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When Charlotte goes to the arcade she sees the games Taiko no Tatsujin, (the game with the big drum) by Namco, GuitarFreaks by Konami, and Pop'n Music by Konami. The latter two are part of Konami's Bemani music game series which is very popular in Japan.
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The song in the arcade where the young boy is playing guitar is by the Japanese punk band "The Blue Hearts".
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The film is included on Roger Ebert's "Great Movies" list.
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Giovanni Ribisi and Scarlett Johanssen both have fraternal twin siblings. Giovanni a sister, and Scarlett a brother.
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Included among the "1001 Movies You Must See Before You Die", edited by Steven Schneider.
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An extra in the party scene wears a Pizza of Death t-shirt. This is the name of an independent record label.
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The film's Italian title 'L'Amore Tradotto' is defined in English as 'Love Translated'.
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The hotel lounge act is named after Sausalito, California, a small artsy/touristy town across the Golden Gate Bridge from San Francisco.
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The close up camera lens on the crane/jib camera, in the TV game show is a Fujinon 5.5mm wide angle lens; it gives a fishbowl, almost distorted look, when physically very close to an object or person.
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The font of the film's end credits is Futura.
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The pink flower mobiles Charlotte hangs in the hotel room are cherry blossoms, which hold a very prominent place in Japanese culture.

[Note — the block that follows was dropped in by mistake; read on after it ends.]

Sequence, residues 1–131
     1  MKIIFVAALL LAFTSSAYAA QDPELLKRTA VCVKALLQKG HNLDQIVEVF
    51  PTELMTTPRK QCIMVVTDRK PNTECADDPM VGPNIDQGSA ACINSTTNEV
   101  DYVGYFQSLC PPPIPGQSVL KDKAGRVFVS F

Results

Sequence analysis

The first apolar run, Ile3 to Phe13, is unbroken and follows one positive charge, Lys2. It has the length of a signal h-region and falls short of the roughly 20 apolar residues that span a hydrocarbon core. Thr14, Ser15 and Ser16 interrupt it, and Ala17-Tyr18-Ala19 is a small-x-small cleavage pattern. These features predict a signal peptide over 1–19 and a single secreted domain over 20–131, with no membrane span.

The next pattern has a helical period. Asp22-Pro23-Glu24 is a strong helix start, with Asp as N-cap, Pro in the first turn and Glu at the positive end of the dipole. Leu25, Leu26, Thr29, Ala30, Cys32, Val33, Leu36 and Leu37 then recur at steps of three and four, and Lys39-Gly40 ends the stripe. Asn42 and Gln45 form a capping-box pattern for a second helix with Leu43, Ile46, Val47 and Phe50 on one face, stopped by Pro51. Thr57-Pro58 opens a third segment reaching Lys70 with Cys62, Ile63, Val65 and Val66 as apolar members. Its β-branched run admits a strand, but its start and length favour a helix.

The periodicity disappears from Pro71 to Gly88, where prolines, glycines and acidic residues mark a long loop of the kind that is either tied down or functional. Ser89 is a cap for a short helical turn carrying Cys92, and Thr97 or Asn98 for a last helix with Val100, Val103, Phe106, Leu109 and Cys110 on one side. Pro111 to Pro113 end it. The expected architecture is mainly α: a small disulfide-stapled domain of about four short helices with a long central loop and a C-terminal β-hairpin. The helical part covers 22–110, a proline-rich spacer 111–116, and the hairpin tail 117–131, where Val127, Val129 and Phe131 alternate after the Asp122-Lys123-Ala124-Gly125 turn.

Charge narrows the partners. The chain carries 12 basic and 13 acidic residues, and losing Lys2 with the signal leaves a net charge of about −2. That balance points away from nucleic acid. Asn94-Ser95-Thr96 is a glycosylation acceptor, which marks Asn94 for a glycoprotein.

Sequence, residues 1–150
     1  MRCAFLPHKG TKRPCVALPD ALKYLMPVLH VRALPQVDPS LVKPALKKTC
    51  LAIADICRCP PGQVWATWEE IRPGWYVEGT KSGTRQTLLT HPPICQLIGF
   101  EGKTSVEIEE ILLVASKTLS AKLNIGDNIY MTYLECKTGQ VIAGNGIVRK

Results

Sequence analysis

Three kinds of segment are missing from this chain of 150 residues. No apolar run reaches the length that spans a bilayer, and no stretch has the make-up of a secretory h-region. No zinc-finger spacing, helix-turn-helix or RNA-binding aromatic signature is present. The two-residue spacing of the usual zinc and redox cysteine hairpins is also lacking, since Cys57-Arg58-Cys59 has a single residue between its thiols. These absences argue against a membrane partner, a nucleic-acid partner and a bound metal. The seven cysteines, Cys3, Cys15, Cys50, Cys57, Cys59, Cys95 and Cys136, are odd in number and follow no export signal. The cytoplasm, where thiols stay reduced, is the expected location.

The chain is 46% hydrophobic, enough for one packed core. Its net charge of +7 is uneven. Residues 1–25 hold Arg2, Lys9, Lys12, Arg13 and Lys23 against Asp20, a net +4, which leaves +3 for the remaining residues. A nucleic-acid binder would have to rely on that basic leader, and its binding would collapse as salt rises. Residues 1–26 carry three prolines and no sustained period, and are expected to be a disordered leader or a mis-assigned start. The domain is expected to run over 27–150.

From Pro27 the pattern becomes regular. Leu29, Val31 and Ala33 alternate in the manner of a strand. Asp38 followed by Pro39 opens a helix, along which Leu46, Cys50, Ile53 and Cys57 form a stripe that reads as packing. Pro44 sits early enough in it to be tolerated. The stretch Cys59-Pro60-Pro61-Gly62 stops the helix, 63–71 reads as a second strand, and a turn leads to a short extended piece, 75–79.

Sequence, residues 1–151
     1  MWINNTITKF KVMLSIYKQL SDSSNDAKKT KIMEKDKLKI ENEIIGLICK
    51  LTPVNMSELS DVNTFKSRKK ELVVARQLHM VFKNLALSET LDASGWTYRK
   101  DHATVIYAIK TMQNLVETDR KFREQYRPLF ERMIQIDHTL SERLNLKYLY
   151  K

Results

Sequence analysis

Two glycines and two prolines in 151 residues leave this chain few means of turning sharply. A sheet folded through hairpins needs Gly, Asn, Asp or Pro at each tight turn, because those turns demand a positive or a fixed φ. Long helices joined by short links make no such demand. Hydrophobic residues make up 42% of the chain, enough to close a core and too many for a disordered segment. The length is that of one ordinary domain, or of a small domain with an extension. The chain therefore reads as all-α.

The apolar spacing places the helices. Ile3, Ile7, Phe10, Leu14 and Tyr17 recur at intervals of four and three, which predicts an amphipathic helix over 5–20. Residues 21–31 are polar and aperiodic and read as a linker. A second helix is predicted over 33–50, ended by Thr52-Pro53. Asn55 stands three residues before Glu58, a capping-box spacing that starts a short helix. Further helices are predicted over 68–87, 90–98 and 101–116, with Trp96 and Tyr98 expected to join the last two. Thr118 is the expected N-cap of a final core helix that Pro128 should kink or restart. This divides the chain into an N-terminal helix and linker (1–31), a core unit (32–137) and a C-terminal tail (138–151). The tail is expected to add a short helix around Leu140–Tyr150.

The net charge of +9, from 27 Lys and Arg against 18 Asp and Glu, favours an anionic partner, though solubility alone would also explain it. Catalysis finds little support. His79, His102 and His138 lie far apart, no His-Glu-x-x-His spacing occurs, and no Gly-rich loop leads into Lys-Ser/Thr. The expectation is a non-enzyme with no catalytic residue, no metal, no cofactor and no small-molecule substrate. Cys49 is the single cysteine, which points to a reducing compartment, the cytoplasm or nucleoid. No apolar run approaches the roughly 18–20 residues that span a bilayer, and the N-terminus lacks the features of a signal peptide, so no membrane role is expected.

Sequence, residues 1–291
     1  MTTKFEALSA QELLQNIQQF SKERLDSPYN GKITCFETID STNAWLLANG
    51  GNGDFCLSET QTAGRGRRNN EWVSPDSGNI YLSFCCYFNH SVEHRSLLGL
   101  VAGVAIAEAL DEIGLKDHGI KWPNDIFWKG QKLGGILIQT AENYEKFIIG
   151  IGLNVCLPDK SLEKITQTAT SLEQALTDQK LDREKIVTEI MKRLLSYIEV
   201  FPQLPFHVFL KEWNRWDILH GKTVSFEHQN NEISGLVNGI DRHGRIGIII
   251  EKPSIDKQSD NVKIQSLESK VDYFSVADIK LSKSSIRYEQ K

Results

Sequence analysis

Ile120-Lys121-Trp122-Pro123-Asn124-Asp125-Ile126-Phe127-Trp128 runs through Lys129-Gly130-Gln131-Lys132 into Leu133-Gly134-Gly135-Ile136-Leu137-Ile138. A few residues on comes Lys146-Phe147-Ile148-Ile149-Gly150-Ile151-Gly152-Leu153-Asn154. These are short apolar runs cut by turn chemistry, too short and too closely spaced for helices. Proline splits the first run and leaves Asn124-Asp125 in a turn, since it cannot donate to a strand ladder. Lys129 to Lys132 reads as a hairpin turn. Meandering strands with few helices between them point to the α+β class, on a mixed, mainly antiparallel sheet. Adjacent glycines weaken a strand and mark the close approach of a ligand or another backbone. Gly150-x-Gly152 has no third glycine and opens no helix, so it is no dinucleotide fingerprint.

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Scarlett Johansson was born in 1984. 1984 was the year "Ghostbusters" starring Bill Murray was released.
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George Price considers this one of the top 20 films in honor of the Oscars.
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Dismissed in a Mitchell and Webb sketch about Film Critics as a film where "nothing happens at all".
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The TV camera used in the scene where Bob appears on the Japanese show is an Ikegami HK-388W with a Fujinon Ah24x lens, mounted on a Vinten Vector 700 pan and tilt head - typical studio equipment.
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Second in the poll for FIPRESCI GRAND PRIX OF THE YEAR 2004.
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Cameo 

Nancy Steiner: The voice of Bob's wife is provided by the film's costume designer.
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Fumihiro Hayashi: as Charlie Brown, the singer of God Save the Queen in the Karaoke scene. Hayashi is Sofia Coppola's long-time friend and guide in Japan.
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Director Trademark 

Sofia Coppola: [car window] Filming from the outside of a car window looking in as the car moves.
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Sofia Coppola: [sun through leaves] Filming the sun coming through leaves of trees.
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Spoilers 

The trivia items below may give away important plot points.

The kiss between Bill Murray and Scarlett Johansson at the end of the movie was not in the script, but was an "in the moment" ad-lib between the performers.
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For years, no one other than Bill Murray, Scarlett Johansson and Sofia Coppola knew what Bob whispered to Charlotte in the final scene, but on October 28, 2009, a YouTube video surfaced containing a slightly enhanced audio of this part of the film with subtitles where more than 20 thousand visitors had a chance to find out that Bob whispered to Charlotte: "When John is ready for his next business trip, go up to that man and tell him the truth, okay?" Another YouTube video, uploaded April 15, 2007, suggests that the line is: "I have to be leaving, but I won't let that come between us, OK?" Closer inspection seems to reveal that the opening words are "Promise me ..." and that the closest match to the audio is most likely, "Promise me, that the next thing you do, is go up to that man and tell him the truth."
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In the hospital, the question that the elderly man with the cane tries to ask Bob (in Japanese) is: "How many years have you been in Japan?" Meanwhile, the diagnosis that Charlotte receives from the doctor (in Japanese) is that her toe is fractured, but taping is enough.
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In the hospital waiting area where the old man tries to ask Bob how long he's been in Japan, the scene was allegedly improvised enough to where the two women sitting behind the men are attempting to stifle their laughter at the awkward exchange.
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See also

Goofs | Crazy Credits | Quotes | Alternate Versions | Connections | Soundtracks